Marine Forklifts 2 – Safe Dockside Cargo Handling

Posted by: admin on November 19, 2013

Marine Forklifts 2 – Safe Dockside Cargo Handling

In our last marine forklift blog, we barely scratched the surface of the special handling techniques necessary to avoid shipping containers bouncing around the deck of a ship in a serious storm. We introduced the special types of forklift used dockside and on the ship itself. We talked about when to use grapplers and when it is not safe to do so. We talked about the management of transporting two containers together.

Lashing

We still have a few things to tell you about safely managing cargo containers. But first, a word or two about lashing. Inadequate lashing, securing of cargo, is responsible for one-quarter of cargo accidents. Failed lashing can cause loss of cargo, loss of vehicles, loss of life or environmental hazards. However, you don’t want to go too nuts with the lashing, either. Lashing should only be lightly tightened with a spanner (wrench). This is because the lashing used is already pre-tensioned. Over-tightening can cause excessive loading on the containers that may cause damage during the pitching and rolling on stormy seas.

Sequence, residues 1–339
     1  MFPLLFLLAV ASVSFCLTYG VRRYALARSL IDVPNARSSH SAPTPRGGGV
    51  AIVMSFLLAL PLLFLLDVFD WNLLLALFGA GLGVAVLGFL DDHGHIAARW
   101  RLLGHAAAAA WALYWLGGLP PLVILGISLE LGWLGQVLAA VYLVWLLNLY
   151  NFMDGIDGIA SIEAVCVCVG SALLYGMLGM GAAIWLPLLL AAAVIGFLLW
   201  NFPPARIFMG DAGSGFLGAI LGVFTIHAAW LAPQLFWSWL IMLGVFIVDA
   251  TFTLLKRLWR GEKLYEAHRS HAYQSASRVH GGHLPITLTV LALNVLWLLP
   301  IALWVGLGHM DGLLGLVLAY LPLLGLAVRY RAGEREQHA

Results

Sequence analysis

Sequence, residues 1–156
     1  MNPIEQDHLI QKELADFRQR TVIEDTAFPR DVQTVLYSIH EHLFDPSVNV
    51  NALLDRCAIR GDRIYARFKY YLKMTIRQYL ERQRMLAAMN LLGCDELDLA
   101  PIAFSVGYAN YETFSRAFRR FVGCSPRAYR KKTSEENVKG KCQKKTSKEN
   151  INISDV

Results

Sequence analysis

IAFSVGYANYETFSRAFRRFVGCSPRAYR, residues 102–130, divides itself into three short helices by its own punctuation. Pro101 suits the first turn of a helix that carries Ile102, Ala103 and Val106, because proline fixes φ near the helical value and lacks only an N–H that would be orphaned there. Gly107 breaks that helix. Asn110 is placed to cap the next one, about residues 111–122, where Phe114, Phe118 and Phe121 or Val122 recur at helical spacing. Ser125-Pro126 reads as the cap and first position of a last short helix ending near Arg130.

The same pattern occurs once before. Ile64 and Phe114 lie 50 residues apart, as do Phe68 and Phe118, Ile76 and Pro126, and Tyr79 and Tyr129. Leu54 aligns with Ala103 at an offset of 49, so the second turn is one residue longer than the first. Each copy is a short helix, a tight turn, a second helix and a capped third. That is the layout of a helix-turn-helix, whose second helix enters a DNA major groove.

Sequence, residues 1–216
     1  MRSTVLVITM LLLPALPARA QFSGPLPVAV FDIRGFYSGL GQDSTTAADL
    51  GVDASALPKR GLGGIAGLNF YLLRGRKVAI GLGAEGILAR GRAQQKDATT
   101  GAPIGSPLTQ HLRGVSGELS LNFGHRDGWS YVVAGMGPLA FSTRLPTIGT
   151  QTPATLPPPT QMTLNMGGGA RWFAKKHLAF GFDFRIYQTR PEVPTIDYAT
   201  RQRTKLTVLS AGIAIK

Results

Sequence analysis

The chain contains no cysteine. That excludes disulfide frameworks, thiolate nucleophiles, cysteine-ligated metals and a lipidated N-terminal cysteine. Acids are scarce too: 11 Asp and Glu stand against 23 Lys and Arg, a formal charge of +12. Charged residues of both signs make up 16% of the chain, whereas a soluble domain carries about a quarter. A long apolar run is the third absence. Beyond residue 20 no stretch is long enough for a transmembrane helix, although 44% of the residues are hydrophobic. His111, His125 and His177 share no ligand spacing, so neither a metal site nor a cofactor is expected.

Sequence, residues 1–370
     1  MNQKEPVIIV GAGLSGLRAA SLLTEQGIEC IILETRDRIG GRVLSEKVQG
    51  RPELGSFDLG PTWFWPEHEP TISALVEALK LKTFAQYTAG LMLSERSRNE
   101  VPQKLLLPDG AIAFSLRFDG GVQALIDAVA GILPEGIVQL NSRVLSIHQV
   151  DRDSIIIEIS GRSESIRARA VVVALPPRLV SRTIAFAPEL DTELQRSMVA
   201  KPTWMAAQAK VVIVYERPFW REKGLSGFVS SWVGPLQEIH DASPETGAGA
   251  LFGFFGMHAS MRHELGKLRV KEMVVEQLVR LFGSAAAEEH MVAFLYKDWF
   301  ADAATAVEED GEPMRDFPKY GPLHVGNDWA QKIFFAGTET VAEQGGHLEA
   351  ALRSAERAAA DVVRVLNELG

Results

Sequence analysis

Slings and Brothers

You don’t want to lift a loaded container using slings and brothers, or any other non-vertical apparatus unless it is designed to cope with the compressive forces that will result. You can get around this if someone who knows what they are doing has adequately assessed the forces involved, the handling method, the strength of the container and the system of work.

Working With Bottom Corner Castings

In most cases, containers can be hoisted from bottom corner castings by using a transverse lifting beam. The load should be secured at all four corners and lifted vertically using chains and cables. The center of gravity should be directly beneath the suspension point. In other cases, use a full-size lifting frame with vertical wire or twist locks.

Obviously, if it were all this simple, maritime insurance premiums would be lower than they are. We hope we have covered some of the basic techniques and equipment used on the dock side and hopefully stimulated a few useful thoughts.

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